Parotid salivary gland dysfunction in chronic graft-versus-host disease (cGVHD): A longitudinal study in a mouse model

S. Levy, A. Nagler, S. Okon, Y. Marmary

Research output: Contribution to journalArticlepeer-review


Chronic graft-versus-host disease (cGVHD) is an auto-immune-like phenomenon resulting in morbidity and mortality following allogeneic bone marrow transplantation (BMT). Major salivary gland dysfunction and hyposalivation is one of the prevalent manifestations of cGVHD. We have used the B10.D2 to Balb/C cGVHD mice model in order to assess major salivary gland function in cGVHD, evaluating sialometric, sialochemical and histopathological parameters for almost 3 months. As cGVHD is a chronic debilitating disease it is of vast importance to evaluate these parameters on a prolonged longitudinal basis. We observed significant reduction in parotid salivary flow rate and disturbance in the salivary dynamic function in cGVHD mice in comparison to the normal and syngeneic transplanted controls. On days 18, 25, 46, 56 and 88 the mean flow rates of the cGVHD group were 37.4 ± 4.4 μl/30min, 40.5 ± 4.6 μl/30 min, 32.5 ± 2.3 μl/30 min, 22.2 ± 3.2 μl/30 min and 14.8 ± 3.8 μl/30 min, respectively, values which were lower than those of the syngeneic transplanted controls group by 42% (P < 0.04), 32% (P < 0.03), 44% (P < 0.01), 49% (P < 0.01) and 64% (P < 0.01), respectively. These changes in flow rates were paralleled by changes in the biochemical composition of the saliva. Moreover, the reduction in flow rates correlated with the degree of salivary gland destruction observed in the pathological slides. An inverse correlation was observed between the mean parotid salivary flow rate and the degree of fibrosis observed in the histopathological evaluation of the cGVHD mice (P < 0.01). Maximal flow rate 34.8 ± 4.6 μl/30min was observed when no fibrosis was observed while in mice with maximal fibrosis flow rates were minimal. This may point to the pathological mechanism leading to the major salivary gland dysfunction and hyposalivation observed in cGVHD. Thus, it may broaden our knowledge and provide the scientific background for designing better therapeutic strategies for this complication.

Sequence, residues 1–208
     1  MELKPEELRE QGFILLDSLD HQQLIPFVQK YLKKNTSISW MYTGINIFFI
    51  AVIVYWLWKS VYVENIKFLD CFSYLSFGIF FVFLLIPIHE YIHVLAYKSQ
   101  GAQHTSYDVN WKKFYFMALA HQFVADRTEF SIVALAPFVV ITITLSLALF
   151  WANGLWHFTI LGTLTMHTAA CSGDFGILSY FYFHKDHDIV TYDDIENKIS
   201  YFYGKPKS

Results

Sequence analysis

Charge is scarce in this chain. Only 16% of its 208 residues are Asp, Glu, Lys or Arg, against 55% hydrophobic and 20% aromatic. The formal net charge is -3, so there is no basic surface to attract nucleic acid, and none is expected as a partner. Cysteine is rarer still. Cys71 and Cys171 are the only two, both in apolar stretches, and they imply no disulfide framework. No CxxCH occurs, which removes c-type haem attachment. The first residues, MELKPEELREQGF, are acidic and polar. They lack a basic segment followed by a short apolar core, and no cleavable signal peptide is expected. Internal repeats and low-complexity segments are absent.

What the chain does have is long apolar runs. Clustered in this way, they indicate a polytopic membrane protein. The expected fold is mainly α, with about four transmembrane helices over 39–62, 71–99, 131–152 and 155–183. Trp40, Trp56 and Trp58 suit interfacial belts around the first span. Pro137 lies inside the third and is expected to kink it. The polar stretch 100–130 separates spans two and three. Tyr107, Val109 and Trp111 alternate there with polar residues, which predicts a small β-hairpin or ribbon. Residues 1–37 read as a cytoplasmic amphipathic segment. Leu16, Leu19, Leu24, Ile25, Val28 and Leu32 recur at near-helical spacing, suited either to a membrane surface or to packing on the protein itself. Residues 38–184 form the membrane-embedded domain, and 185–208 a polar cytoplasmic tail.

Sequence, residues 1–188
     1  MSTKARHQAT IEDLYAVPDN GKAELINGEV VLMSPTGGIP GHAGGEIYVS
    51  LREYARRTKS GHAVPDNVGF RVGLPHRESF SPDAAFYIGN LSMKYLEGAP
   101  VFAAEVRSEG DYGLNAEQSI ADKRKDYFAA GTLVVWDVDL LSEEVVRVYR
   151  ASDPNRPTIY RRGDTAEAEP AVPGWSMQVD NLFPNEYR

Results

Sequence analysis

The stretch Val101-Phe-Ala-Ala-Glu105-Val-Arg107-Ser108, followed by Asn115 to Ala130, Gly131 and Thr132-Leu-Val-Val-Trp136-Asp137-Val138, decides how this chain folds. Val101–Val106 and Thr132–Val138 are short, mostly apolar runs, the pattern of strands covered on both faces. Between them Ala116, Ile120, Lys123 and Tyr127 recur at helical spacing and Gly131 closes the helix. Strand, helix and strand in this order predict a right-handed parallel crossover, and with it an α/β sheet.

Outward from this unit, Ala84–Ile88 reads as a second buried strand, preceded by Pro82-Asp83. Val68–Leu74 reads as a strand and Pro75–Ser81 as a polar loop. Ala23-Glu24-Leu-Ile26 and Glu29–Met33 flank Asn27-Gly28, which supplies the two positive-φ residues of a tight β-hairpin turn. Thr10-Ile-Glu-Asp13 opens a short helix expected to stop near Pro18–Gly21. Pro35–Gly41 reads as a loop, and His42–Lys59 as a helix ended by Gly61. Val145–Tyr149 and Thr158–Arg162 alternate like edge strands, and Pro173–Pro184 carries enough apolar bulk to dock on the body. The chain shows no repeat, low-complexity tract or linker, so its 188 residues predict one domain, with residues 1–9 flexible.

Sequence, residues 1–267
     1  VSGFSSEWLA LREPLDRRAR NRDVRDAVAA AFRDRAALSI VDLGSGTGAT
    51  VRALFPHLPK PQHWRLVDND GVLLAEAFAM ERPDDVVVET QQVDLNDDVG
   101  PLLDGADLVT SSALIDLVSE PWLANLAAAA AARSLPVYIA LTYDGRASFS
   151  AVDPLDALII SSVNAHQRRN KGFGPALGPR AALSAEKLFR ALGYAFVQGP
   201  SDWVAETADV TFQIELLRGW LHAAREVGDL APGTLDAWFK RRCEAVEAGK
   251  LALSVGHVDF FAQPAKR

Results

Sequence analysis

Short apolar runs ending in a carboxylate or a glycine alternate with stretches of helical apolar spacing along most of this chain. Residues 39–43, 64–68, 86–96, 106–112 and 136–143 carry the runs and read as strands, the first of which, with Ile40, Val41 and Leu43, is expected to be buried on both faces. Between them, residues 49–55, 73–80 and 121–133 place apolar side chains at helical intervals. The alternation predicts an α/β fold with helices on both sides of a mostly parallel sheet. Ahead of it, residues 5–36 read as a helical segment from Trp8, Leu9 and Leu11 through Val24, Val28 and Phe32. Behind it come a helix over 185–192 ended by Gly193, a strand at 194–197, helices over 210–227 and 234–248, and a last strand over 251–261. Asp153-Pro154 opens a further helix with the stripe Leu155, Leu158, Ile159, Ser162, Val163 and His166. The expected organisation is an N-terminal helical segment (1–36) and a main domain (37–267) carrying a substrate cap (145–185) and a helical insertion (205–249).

Original languageEnglish
Pages (from-to)1073-1078
Number of pages6
JournalBone Marrow Transplantation
Issue number10
StatePublished - 2000
Externally publishedYes


  • Bone marrow transplantation
  • Parotid
  • Saliva
  • Sialometry


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